Monday, March 5, 2012

Day 4 of the 99 Mile March

We started out from Vacaville early this morning. People were in good spirits but were dealing with more serious soreness and blisters on this fourth day of the march. A couple of people decided to take off their shoes and walk only in socks to avoid aggravating their blisters as much as possible. Initially we passed through residential neighborhoods and commercial areas, but soon we were in the countryside.

Generally today we traveled through farmland, zigzagging first east and then north and then east again along Route 80. We made good time throughout the day, though we spent a fair amount of time for lunch resting and talking with a group of people who had driven up from the Bay Area to take part in the final leg of the trip.

The day was marked by scattered heckling. At one point a woman standing in her door shouted, “I'm an American citizen; you all aren't” and waved her hand as if to shoo us away. Later a man standing in a field addressed us on a bullhorn, telling us we should get jobs. He also said we were lazy, which provoked some laughter within the group. At another point, a group of young people told us to get a job. Sometimes people in cars flipped us off as they drove by. Overwhelmingly the people we passed expressed support, but the scattered heckling gave the day a sightly colder edge.

Some of the most meaningful and fun encounters occurred as the sun was setting and we were walking along a road heading east. At one point, we saw a man walking with a child on his shoulders all the way across a field to meet the march. When he got to the road, he joined a woman holding a young child in her arms. Some of the members of our group paused and spoke to them. That encounter was reminiscent of some earlier moments, such as the time when we passed a woman holding a young girl's hand up to wave at us for the whole time the march went by. Later down the road, a marcher passed out pamphlets for the capitol occupation in Sacramento tomorrow, speaking in Spanish with people who had gathered in their driveway.

As we approached Davis, I was thinking some about how meaningful it was that the route of our march linked together two UC campuses whose occupations and assembled students had endured severe police repression last fall, and where significant student strike actions against debt and privatization had been staged.

Thinking back to the gathering on Saturday at Solano Community College, however, I also started reflecting on how this march, which was organized largely by San Francisco State students, was not primarily a UC action. I remembered how, when the group gathered on Saturday to articulate what we were marching for, many supporters and marchers talked about how -- as community college and CSU students – they were unable to complete degrees or credit requirements within a reasonable number of years because of recent severe cuts to course offerings. Some talked about working multiple jobs to pay for tuition or about facing devastated job markets upon graduation. Some also talked about the severe inequities at the K-12 level that have reverberated throughout the entire education system. This multi-day action brought students from different sectors of education together in a way I haven't experienced before. I hope the bonds forged on the march will enable us to continue to build more thoroughly cross-sectoral education movements.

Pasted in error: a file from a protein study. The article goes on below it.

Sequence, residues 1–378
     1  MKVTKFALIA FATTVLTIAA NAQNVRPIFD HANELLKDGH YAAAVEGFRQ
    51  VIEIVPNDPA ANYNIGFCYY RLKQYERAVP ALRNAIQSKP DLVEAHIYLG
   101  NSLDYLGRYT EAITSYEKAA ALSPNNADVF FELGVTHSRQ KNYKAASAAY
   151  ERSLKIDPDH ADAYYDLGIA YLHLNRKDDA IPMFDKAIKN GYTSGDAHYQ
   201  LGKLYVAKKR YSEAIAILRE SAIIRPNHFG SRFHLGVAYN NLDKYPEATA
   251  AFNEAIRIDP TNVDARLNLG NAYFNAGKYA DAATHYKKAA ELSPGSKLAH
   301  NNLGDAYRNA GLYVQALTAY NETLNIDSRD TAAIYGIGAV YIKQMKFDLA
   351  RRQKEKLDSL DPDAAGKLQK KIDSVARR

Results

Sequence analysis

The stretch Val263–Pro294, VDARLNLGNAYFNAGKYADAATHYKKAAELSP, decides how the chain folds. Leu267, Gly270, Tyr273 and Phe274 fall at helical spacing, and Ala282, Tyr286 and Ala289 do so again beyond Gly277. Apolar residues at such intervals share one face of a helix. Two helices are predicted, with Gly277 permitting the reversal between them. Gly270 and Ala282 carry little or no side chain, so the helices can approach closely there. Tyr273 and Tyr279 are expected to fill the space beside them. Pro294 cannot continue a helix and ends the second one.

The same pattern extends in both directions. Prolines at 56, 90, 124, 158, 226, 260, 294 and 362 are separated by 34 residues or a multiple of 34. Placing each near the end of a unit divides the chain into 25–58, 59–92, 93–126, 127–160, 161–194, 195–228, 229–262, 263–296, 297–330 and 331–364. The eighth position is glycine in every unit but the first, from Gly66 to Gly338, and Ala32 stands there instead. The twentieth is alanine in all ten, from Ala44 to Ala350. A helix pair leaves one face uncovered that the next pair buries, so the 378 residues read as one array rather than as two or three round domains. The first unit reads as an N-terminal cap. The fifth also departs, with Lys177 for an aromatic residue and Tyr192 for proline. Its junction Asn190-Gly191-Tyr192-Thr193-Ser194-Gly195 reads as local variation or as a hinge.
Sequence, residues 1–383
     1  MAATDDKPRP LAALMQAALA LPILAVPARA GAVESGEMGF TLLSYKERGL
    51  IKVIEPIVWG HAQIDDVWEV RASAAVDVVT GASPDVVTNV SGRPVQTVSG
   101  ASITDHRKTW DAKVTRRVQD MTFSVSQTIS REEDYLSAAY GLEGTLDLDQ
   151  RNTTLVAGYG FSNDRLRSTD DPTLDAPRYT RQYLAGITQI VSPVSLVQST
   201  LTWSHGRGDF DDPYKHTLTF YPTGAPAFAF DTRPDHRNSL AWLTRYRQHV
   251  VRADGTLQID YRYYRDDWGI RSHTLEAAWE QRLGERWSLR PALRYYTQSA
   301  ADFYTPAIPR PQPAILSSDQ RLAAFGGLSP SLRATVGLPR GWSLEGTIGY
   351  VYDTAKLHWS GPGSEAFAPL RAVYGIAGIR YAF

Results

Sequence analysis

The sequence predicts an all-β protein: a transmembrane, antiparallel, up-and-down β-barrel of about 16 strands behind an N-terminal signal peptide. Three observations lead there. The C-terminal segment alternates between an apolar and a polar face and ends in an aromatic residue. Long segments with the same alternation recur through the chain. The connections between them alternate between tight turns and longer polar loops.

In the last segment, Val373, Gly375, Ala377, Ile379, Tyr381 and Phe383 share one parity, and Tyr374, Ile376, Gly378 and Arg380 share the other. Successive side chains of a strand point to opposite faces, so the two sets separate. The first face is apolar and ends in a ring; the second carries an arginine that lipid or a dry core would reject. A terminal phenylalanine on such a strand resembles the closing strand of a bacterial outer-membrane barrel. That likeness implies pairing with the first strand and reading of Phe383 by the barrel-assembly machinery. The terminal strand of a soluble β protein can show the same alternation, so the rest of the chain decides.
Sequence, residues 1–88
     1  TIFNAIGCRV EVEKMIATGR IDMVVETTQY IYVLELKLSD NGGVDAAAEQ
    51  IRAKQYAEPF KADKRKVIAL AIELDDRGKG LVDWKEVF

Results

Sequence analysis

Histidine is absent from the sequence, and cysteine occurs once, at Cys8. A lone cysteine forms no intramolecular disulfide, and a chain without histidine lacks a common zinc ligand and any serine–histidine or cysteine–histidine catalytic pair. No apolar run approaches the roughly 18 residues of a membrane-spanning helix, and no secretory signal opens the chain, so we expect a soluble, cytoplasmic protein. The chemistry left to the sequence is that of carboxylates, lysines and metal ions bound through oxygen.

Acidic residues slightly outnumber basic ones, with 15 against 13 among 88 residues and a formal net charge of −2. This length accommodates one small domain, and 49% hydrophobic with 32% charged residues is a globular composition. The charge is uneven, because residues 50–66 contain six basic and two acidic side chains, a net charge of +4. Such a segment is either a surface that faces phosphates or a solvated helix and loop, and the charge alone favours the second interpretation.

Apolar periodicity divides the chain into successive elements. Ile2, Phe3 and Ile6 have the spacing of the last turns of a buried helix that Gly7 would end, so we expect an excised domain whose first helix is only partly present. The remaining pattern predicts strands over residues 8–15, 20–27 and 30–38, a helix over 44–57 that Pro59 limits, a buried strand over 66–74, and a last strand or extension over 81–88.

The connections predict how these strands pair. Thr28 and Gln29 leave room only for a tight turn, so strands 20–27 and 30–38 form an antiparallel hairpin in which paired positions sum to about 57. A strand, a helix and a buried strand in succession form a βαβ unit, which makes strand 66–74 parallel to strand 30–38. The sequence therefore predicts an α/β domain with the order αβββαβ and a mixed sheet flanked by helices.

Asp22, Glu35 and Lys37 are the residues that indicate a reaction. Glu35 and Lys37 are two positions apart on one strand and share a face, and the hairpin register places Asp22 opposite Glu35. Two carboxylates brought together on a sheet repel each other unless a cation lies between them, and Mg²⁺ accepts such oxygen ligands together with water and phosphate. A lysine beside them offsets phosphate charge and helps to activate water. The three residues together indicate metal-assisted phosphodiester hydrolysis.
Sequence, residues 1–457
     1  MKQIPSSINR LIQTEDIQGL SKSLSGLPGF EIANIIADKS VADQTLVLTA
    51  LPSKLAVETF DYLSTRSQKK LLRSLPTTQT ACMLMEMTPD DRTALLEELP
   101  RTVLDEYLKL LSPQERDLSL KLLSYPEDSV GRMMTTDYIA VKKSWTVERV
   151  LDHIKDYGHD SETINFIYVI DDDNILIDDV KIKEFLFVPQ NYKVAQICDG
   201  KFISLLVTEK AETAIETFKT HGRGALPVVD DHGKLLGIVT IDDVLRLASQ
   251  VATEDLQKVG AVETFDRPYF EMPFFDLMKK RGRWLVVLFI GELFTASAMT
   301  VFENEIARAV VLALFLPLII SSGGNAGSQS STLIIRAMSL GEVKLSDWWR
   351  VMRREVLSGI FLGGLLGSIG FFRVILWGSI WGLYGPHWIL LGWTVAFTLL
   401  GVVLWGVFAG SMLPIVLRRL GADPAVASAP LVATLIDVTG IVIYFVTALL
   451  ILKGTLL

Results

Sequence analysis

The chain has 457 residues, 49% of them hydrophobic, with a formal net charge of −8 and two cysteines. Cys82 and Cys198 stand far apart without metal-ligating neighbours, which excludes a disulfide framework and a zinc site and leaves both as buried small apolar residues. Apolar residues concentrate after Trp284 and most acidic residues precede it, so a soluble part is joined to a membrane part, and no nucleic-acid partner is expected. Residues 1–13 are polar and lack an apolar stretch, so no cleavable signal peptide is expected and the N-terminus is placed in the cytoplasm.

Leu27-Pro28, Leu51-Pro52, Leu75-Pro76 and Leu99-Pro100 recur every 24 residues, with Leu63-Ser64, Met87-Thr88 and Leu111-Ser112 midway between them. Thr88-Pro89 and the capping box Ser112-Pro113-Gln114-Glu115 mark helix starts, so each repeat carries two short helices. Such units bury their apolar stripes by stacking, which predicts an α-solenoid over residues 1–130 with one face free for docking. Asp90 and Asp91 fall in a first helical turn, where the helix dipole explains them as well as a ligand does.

As we entered UC Davis, the energy of the march grew. As we moved through the campus, we started chanting louder than we had all day. Some of the chants included “No cuts, no fees: education will be free,” “We demand (we don't ask) education for the working class,” “This movement's unstoppable; occupy the capitol,” and “We won't stop; we won't rest—education's in distress.”

People from Occupy UC Davis and other friends and supporters of marchers had set up extra tents for us on the UC Davis quad where the local Occupy movement encampment is located, so when we finally arrived, we marched into an area dotted with roughly forty pitched tents. Local Occupy members were playfully hiding in the tents when we arrived, and they emerged from the tents to an exhilarating scene of rejoicing marchers in the quad. Occupy Davis had prepared an abundance of amazing food, including homemade tamales, pasta salad, rice and beans, green salad, pecan pie, and apple pie. After dinner we met briefly to discuss plans to build a mass occupation of the capitol in Sacramento tomorrow, and then most of the group headed to bed.

We encourage anyone within commuting distance of Sacramento to join our protest for public education at the capitol tomorrow! There will be a mass march beginning at Southside Park at 6th and T Streets at 10 a.m., a rally at the capitol at 11 a.m., a general assembly and nonviolent direct action training at 3:30 p.m., and a rally on the north steps in solidarity with the “Occupy the Capitol” action at 5:30 p.m.

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